Why I Refuse To Forgive Anyone In My Life, Including My Mom

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unhappy woman

I've heard that in order to find peace within myself, I must learn to truly forgive others — I mean, it’s the central theme of hundreds of movies and the stuff of fortune cookies and parables.

But it's way harder than it seems.

I've never been able to forgive anyone in my life.

Sure, the sting of anger and hurt of one's transgressions and wrong-doings toward me eventually erodes with time, understanding and compassion. But forgiveness? I don’t think so.

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My refusal to forgive sounds really harsh, I know. Right now you’re probably thinking you're a much better person than I am. But actually I’m a kind person in real life; I just have a really hard time letting things go.

If a friend goes back on a promise, I can't forget it. My first ever breakup with guy still pisses me off and leaves me bitter on the rare occasions it crosses my mind; I've never forgiven him, either.

Full forgiveness is something I simply can't wrap my brain around. And by "full forgiveness" I mean no lingering feelings of pain or annoyance and not being reserved or distrustful toward said person afterward.

I suppose a sincerely mature and enlightened person could, in theory, forgive while remaining open, happy and unburdened, but I haven’t emotionally gotten there yet.

Because "forgive and forget," while wise in theory, is a useless phrase. You should never choose to forget what was done to you or what's happened in your life — even the most enlightened person will tell you that.

Personal growth isn’t about throwing away bad memories, but learning to live with them in a positive way. But that last part is what makes forgiveness so difficult: Whenever someone hurts me, I keep that pain with me forever.

It's easy enough to toss away the need for forgiveness when the person who hurt you is no longer in your life, but what about if the person you want to forgive is still very active in your daily life, like a parent or a partner?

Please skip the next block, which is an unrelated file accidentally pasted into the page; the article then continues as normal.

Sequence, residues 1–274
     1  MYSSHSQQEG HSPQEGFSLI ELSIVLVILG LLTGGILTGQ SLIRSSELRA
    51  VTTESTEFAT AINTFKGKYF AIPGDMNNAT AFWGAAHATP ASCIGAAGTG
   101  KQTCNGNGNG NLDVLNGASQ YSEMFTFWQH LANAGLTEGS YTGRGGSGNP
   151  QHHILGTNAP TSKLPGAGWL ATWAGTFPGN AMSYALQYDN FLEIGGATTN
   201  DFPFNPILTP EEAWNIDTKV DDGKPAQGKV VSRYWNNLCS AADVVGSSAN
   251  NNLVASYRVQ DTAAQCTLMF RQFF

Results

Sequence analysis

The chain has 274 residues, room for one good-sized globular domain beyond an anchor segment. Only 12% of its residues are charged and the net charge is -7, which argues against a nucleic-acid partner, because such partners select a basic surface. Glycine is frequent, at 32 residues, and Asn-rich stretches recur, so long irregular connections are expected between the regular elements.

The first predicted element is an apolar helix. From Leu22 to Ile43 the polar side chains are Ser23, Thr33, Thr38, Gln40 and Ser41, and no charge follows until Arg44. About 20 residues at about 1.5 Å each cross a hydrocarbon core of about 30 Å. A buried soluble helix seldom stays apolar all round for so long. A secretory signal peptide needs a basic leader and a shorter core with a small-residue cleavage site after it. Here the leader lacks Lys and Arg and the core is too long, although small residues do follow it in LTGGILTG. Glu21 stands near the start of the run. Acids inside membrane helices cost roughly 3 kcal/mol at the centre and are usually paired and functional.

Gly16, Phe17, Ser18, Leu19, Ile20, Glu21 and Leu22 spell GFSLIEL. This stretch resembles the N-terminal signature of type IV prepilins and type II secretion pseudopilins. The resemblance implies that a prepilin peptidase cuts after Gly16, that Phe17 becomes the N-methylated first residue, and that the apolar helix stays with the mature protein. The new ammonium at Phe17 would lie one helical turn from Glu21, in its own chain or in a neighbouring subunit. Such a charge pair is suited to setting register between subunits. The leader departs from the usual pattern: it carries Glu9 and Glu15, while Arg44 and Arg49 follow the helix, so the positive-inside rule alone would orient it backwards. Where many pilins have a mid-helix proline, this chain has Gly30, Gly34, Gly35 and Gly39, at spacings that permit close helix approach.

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I still have a hard time letting go of issues I have with my mother. I love her, but as poet Philip Larkin so eloquently put once, "They'll f*** you up, your mum and dad."

As the only child of a single mother, I dealt with (and still do) perpetual neglect.

She spent the majority of her time working to keep a roof over our heads and to financially provide for me, but emotionally I was left wanting. She'd come home from work, we would eat separately, and then she'd go to bed.

What free time she had on weekends was devoted to running errands, and she frequently told me she was too tired to play or spend time with me. She wasn't a bad mom, but the lack of emotional attention is something I still haven't come to terms with.

As an adult, I now realize my mother is human like anyone else. She has her limitations and her flaws. But the child inside me still hurts.

It's rare we ever talk about my feelings, but when I'm able to wrestle an apology out of her, it still doesn't satisfy me. Even if she didn't mean to, she caused me pain and nothing can change that — not even an apology.

I still haven't completely forgiven her and I don't know if I ever will.

Feeling angry and upset all the time, though, takes its toll. At some point, I have to learn to accept the reality of what's hurt me and live with it.

My acceptance of my own emotions makes life easier and years of therapy has really helped, but forgiving others completely is a different story. Maybe one day I'll be able to be vulnerable, surrender my stubborn ego and fully forgive; I hope so.

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Taylor Markarian graduated from Emerson College with a B.A. in Writing, Literature & Publishing. She is a freelance writer and editor who enjoys writing about music, lifestyle, culture, the arts, entertainment, and literature. Check out her LinkedIn and her website.